Kid Kong had designed and built the Coco-Nautilus, a submarine that could travel underwater, on the surface of the ocean and fly through the air even into outer space. The hull of the ship was made from giant coconuts and bamboo from Kong Island.

Lamb even created an intricate schematic of the vehicle detailing diving chamber, lab, storage, ballast tank, engine room and more. The Coco-Nautilus would plow through the massive exterior waterfall on Kong Island to access a water filled tunnel behind the falls. The submarine would then emerge inside a huge cavern and dock near an ancient temple built centuries ago to honor the Kong dynasty.

Lamb told author John Lemay, “I created a billionaire industrialist/big game hunter named Rex Thorne. One of his subsidiary companies, Petrox Petroleum Corp. had found Kid’s father, King Kong, while exploring for new sources of oil. Thorne has a team of villainous minions like Professor Wilhelm Petroff, who is responsible for Thorne’s diverse arsenal of weapons, vehicles and devices.

Filmation’s most famous version of “Kong” was played by Forrest Tucker (center) on their live action GHOST BUSTERS (1975) series. “Spencer” was veteran cartoon voice actor Larry Storch. “Tracy” the gorilla was played by Bob Burns.

“Mechida is Thorne’s private secretary who is also a ninja warrior. There’s a voodoo priestess named Cimarra who assists Thorne on occasion. I mentioned Lady Kong in the introduction but I could see a place for Kid’s parents to figure into some stories. No episodes were conceived but that would have been the next phase had a deal been struck.”

The thin-mustached, slightly graying hair at his temples Thorne would think that anything relating to King Kong is rightfully his since it was one of his companies that found the giant ape. He would live in Thornehaven, a medieval fortress that towers above the black rock walls on a fog-enshrouded island stronghold not too far from Kong Island.

He has built a menagerie of the rarest animals caged in pens on his estate with a special cage prepared for Kid Kong. Thorne has become bored with ordinary game hunting as the walls of Thornehaven Hall are crammed with his trophies.

Mechida is efficient, hard-working and totally dedicated to Thorne. She virtually runs Thorne Industries because Thorne is usually away hunting Kid Kong. She is an actual ninja warrior with the appropriate attire.

Professor Wilhelm Petroff is a brilliant, bald, goateed scientist with a private laboratory at Thornhaven. He has no sense of humor and is totally focused on his work creating devices like Thorne’s Attila, an all terrain land rover with massive tusks on the front, and W.A.R.T. (Wilhelm Armored Robotic Technician) that can sprout numerous appendages from its cylindrical torso.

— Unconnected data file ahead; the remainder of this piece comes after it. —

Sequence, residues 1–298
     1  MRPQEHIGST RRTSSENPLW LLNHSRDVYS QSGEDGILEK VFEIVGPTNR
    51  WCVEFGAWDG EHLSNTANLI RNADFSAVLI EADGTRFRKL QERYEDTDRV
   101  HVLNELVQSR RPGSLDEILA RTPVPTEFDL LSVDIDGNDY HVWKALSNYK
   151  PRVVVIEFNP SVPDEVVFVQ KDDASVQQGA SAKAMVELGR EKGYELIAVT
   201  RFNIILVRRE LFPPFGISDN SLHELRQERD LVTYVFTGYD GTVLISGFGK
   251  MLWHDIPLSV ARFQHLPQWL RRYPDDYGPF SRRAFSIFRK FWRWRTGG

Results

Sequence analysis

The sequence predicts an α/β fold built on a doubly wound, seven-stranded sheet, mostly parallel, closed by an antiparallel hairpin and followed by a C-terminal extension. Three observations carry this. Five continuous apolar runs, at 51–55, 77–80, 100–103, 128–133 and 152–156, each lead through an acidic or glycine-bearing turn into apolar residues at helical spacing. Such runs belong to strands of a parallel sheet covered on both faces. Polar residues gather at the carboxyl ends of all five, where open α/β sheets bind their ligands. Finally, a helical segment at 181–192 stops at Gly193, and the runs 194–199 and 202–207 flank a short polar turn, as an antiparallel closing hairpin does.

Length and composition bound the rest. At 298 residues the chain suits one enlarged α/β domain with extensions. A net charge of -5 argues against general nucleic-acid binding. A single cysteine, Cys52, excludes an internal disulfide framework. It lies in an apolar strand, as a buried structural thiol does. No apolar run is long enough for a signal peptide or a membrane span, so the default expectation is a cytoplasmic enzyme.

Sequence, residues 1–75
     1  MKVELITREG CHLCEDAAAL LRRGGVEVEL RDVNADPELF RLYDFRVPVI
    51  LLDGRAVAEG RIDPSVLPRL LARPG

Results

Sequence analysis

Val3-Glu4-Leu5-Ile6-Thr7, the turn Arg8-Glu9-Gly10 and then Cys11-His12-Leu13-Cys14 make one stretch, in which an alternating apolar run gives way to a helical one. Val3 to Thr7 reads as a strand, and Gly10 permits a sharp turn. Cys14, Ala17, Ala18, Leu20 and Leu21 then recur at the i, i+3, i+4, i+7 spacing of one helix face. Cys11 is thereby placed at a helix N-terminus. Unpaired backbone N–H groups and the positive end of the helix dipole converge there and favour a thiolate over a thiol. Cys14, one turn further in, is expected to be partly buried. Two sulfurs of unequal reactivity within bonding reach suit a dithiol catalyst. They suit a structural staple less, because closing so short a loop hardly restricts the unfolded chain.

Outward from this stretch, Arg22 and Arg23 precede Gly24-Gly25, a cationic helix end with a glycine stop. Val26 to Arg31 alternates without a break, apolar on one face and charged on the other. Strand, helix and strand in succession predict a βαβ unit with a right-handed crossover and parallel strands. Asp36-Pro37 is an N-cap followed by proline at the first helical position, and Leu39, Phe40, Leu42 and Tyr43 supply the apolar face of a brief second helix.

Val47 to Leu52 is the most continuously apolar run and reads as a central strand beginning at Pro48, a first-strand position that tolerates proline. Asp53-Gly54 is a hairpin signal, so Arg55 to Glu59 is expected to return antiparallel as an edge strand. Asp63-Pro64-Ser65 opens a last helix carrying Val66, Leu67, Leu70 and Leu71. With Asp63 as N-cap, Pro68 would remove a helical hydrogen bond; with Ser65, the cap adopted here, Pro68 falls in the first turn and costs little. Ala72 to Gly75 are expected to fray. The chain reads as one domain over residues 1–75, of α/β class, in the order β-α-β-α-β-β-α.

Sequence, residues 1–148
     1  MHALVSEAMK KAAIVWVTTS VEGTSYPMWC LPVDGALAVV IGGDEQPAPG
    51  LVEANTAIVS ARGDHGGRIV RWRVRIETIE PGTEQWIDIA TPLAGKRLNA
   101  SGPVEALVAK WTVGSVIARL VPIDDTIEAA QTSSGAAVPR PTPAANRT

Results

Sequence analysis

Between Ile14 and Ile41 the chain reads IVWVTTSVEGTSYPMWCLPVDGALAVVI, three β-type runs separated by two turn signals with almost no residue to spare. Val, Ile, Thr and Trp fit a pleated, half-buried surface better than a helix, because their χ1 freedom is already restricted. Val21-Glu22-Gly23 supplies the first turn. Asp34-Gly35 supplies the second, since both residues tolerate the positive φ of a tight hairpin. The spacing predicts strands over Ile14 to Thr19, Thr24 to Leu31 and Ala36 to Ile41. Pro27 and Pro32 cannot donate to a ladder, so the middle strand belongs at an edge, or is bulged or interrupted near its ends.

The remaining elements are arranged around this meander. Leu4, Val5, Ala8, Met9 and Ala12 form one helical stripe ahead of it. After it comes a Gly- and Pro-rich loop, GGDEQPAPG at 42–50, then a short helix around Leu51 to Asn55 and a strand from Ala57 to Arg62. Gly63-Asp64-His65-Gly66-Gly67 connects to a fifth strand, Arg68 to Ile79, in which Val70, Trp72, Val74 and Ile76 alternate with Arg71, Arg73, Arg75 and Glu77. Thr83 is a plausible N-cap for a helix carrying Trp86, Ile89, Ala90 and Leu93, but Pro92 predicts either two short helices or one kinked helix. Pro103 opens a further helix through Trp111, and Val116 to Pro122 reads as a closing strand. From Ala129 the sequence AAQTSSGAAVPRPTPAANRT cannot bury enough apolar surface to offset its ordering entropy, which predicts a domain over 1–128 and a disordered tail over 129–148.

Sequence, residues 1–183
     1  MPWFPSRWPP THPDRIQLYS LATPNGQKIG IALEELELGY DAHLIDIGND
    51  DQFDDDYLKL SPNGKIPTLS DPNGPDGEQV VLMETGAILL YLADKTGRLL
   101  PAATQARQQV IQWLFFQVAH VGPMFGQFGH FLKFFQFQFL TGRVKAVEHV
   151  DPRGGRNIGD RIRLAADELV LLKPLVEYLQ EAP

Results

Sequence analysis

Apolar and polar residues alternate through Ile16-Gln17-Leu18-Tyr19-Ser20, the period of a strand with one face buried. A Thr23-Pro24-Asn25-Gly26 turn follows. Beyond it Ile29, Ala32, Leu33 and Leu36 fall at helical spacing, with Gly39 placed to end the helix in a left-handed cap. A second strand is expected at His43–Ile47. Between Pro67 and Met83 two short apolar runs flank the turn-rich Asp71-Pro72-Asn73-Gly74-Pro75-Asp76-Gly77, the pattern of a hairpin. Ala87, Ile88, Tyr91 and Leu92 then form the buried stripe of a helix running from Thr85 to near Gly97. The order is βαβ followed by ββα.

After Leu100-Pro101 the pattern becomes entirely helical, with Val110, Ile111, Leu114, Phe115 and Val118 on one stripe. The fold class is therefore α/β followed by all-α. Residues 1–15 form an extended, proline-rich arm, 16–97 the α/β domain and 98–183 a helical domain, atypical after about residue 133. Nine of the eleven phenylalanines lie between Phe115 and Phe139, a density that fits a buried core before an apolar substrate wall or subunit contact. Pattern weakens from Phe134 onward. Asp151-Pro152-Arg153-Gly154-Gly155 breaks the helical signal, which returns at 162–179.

Lou Scheimer liked the ideas and a meeting was arranged with him and the De Laurentiis producer who also liked the ideas. The reason the series never went any further was that Scheimer was approaching it as a co-production arrangement and De Laurentiis was looking for a work-for-hire deal.

Filmation finally animated “Kong” in their 1986 GHOSTBUSTERS animated series (aka “The Original Ghostbusters”). Tracey the gorilla (left) was voiced by producer Lou Scheimer himself; Pat Fraley voiced “Jake Kong, Jr.” (right).


  • Thank you for one good laugh today! The funniest part is that Robert Lamb’s concept for a Kid Kong series actually sounds pretty good. It probably would have been too ambitious for Filmation, though — unless Kid Kong’s human friends formed a bubblegum-pop band so they could reuse animation from The Archies.

    Mechida the ninja warrior executive secretary sounds like a fascinating character, and I would love to see some of the concept art for her; however, her name doesn’t make any sense in Japanese. “Mochida” is an actual Japanese surname, as in Mochida Pharmaceutical. “Machida” is a city in western Tokyo Prefecture, the home town of Pokemon creator Satoshi Tajiri. “Moichido” means “one more time”, which might make a cute nickname for someone who never gets anything right at first. But “Mechida”? Eye blood rice paddy? I don’t get it.

    Kid Kong built a submarine/boat/spaceship out of bamboo and coconuts? Not even the Professor on Gilligan’s Island could do that!

  • Funny, as “Kid Kong” was already a character, first from a comic series called “Monster Fun” (drawn by Robert Nixon), and then, a toy in the early 80’s (I remembered a bit of a “Kong” craze then, as you had Donkey Kong, and then Kid Kong; I remembered the toy, not the comic). Don’t know if they were related.

    So if this had been done, I’ll bet it would have been another legal claim, like Quackula.